Pest control: City rolls out birth control to fight rodent infestation


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“Love is in the air” if you happen to live in a rat-infested town.

After states such as California restricted the use of toxic rodenticides, some cities began using a more humane way to control rat populations called “ContraPest,” the only state-approved birth control measure for rats. “Environmental Protection Agency (EPA).

” [ContraPest] It’s a “milkshake” for mice. It’s a high-fat, sweetened liquid formula that’s very appealing to mice, which need to consume about 10 percent of their body weight in water each day,” said Ken Siegel, CEO of producer SenesTech Comparing Pests.

California has restricted the use of toxic rodenticides, requiring some cities to control rat populations with rat contraceptives.
(Fox News)

“Deployed in a conventional bait box, ContraPest targets the reproductive performance of both sexes in a rat population, inducing egg loss in female rats and impairing sperm development in males. »

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He told Fox News that the pill is safe for other animals or people because it’s specifically designed for mice, who must consume the product on a regular basis to be effective.

The company became interested in birth control technology after its founders developed a model for inducing menopause in mice, which became known as “mouse menopause.”

But why is the number of mice so difficult to control?

Two sexually active mice can produce about 15,000 “offspring” in a year, Siegel said.

“Rats reproduce faster than poisons, traps or any other lethal means alone can eliminate them. Without birth control, their numbers usually rebound back to their original size within a few months of using only traditional methods of rat control. level,” Siegel added.

According to the company’s website, while traditional pest control can quickly eliminate the rats, with just two rats, the population can return to its original size or even larger within a few months.

Siegel added that the Norwegian rat is the most common rat, but the number of roof rats in the U.S. has been on the rise for the past 15 years.

Saw a rat in a New York City subway station.New York City is considered to be "most failed" cities across the country.

Saw a rat in a New York City subway station. New York City is considered one of the “tattered” cities in America.
(Gary Hershawn/Getty Images)

Siegel points out that Norwegian rats live on the ground, while roof rats “…often never put their paws on the ground in their lives”.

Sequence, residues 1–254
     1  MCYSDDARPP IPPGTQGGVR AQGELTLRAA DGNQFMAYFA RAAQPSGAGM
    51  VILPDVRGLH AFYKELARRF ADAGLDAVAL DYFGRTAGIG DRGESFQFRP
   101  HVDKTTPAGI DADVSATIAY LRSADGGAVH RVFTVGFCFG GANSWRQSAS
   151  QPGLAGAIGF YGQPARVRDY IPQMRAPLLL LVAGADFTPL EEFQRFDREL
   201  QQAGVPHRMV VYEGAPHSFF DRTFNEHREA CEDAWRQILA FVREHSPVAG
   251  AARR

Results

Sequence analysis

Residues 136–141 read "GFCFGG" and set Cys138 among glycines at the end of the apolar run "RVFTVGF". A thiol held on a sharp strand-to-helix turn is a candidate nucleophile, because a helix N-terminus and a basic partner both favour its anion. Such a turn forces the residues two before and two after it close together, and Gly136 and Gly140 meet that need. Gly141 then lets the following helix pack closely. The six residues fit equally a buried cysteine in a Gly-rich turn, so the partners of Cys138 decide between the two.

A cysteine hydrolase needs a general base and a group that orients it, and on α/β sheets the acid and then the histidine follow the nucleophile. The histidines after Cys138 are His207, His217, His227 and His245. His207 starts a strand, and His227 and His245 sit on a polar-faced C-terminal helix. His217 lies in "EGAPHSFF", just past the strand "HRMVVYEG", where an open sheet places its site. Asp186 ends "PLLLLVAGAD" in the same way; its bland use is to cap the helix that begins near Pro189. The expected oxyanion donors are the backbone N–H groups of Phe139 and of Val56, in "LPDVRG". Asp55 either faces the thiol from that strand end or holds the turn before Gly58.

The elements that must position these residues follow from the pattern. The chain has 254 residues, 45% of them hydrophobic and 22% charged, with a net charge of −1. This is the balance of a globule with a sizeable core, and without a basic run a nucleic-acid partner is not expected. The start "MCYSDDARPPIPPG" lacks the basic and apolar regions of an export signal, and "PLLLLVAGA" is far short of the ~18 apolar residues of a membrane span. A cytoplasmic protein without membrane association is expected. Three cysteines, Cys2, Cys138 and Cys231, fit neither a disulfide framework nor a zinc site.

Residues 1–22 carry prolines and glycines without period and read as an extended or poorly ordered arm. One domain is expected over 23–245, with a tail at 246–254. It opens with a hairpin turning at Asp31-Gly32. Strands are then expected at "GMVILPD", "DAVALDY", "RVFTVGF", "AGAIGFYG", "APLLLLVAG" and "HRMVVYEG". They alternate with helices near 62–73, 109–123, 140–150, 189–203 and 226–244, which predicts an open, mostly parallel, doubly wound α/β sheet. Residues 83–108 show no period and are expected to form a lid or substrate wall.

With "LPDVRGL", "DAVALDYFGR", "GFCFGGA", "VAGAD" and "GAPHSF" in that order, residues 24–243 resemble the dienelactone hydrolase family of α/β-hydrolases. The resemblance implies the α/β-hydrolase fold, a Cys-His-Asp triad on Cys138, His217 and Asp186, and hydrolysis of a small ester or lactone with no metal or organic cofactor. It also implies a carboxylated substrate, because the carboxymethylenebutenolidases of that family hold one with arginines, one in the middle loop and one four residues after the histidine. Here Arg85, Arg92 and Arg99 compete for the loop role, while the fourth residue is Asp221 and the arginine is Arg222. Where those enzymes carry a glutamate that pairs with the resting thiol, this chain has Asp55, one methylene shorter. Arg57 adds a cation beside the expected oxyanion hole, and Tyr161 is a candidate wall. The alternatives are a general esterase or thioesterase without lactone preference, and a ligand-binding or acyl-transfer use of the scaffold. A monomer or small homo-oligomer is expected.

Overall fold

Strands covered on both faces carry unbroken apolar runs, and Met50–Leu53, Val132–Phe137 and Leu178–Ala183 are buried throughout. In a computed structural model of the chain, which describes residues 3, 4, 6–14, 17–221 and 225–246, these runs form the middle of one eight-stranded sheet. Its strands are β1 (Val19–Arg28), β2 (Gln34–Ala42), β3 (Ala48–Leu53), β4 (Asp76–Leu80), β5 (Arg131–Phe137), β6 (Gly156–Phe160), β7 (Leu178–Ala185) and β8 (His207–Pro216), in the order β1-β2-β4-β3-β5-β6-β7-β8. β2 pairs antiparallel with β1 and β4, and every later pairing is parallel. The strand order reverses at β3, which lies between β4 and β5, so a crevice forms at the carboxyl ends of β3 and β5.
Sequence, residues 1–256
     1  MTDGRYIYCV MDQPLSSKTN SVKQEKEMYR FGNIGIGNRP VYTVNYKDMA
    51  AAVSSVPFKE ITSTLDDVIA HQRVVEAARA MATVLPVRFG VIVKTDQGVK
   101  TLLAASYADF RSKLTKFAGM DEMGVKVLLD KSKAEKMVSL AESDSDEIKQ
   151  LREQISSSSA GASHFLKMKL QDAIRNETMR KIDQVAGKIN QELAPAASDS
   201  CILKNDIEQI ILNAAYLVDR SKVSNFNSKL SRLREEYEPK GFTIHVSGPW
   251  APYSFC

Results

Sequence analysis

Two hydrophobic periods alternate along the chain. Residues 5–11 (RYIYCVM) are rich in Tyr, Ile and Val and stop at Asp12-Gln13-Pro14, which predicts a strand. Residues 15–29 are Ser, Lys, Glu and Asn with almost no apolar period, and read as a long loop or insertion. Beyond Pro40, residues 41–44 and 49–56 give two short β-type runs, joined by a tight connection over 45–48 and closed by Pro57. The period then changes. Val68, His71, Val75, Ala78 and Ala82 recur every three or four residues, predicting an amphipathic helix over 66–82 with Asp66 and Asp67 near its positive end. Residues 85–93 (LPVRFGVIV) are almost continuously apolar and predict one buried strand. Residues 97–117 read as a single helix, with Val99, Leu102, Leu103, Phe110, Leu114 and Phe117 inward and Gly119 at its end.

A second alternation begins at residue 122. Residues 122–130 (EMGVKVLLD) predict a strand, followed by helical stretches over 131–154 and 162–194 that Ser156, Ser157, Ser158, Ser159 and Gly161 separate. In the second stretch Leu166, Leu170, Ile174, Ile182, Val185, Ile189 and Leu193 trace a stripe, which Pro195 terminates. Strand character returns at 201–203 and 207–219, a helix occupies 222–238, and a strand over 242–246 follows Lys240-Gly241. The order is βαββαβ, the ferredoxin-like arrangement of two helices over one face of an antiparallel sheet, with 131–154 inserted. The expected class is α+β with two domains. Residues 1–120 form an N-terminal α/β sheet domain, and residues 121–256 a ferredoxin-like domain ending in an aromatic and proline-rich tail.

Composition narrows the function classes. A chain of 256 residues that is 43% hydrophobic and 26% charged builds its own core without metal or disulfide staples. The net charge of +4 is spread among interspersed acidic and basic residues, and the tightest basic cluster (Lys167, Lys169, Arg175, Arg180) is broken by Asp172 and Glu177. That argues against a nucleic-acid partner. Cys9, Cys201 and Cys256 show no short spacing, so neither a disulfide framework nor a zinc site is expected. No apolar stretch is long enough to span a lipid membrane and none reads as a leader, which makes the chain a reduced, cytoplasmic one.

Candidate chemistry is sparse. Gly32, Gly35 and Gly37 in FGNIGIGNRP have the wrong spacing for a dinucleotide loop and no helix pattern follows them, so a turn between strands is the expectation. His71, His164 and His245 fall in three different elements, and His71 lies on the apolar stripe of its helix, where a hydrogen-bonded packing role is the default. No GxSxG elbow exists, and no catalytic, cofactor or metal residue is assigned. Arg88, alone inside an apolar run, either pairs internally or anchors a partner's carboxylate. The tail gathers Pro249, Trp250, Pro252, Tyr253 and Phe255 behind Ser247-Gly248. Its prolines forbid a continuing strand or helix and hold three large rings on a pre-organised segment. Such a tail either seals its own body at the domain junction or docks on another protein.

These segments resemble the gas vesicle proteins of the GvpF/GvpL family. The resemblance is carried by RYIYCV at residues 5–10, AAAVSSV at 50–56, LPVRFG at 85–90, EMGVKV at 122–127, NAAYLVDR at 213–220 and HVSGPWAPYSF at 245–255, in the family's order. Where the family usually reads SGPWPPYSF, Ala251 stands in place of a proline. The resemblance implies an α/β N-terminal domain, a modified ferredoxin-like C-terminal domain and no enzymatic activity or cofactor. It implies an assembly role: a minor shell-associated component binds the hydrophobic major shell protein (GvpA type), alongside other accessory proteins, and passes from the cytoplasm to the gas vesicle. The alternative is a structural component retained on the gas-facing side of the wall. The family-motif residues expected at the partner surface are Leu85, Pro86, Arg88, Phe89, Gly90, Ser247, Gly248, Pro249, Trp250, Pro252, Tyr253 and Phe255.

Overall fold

So where do you put your tempting bait?

“ContraPest is deployed in a traditional bait box, which is very effective against the more common Norway rats,” Siegel said.

But for roof rats, the baits are placed differently to suit their unique living environment.

“Just this week, ContraPest began selling the Elevate Bait System, a new EPA-approved method for deploying ContraPest above ground. It is easy to deploy indoors and above ground, in barns, attics, storage and manufacturing The facility has multiple installation options on the rafters, lofts and attics,” Siegel told Fox News.

According to a press release, Chicago, New York, San Francisco, Washington, D.C. and Los Angeles are among the five “ratest” cities in the United States on the 2021 “rat colony” list. Pest Control Services.

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“Most rodenticides used today are anticoagulant compounds, which interfere with blood clotting and cause death from excessive blood loss. Death usually occurs between four days and two weeks after rodents start feeding on bait. ,” according to the EPA.

The first-generation anticoagulants were developed before 1970, but as rodents developed resistance, the second-generation anticoagulants were developed from the 1970s to kill after just one night of feeding.

However, according to the EPA, second-generation anticoagulants remain in animal tissues longer than first-generation anticoagulants, so they pose a greater risk to other, non-target animals that ingest the poison.

This prompted “California [to enact] Legislation in January 2021 prohibits the use of the four major second-generation anticoagulant rodenticides in many cases,” Siegel explained.

“Municipality is strategically deploying ContraPest, along with other more traditional rodent control methods, in large parks, congregations and communities with high rat activity to speed results and prevent activity rebound,” he added.

ContraPest is the only EPA-approved rodent contraceptive currently on the market.

ContraPest is the only EPA-approved rodent contraceptive currently on the market.
(Justin Sullivan/Getty Images)

The company registered ContraPest with the EPA in 2016 as a non-lethal rodenticide for roof rodent population management in Norway and all 50 states.

Used alone or in combination with other non-toxic pest control measures, such as traps and eliminating food sources, Siegel said it reduced rat populations by about 90 percent.

But according to USA Today, traditional methods are still the main way to control the rat population.

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“I think in the pest control industry, at least in the U.S., the idea of ​​birth control, they’ve heard about it, but people don’t widely understand why it’s beneficial,” said Brandy Pyzyna, vice president of research and research. Regulatory Affairs of SenesTech.

“It takes a lot of education to explain to people why you don’t just kill people. »

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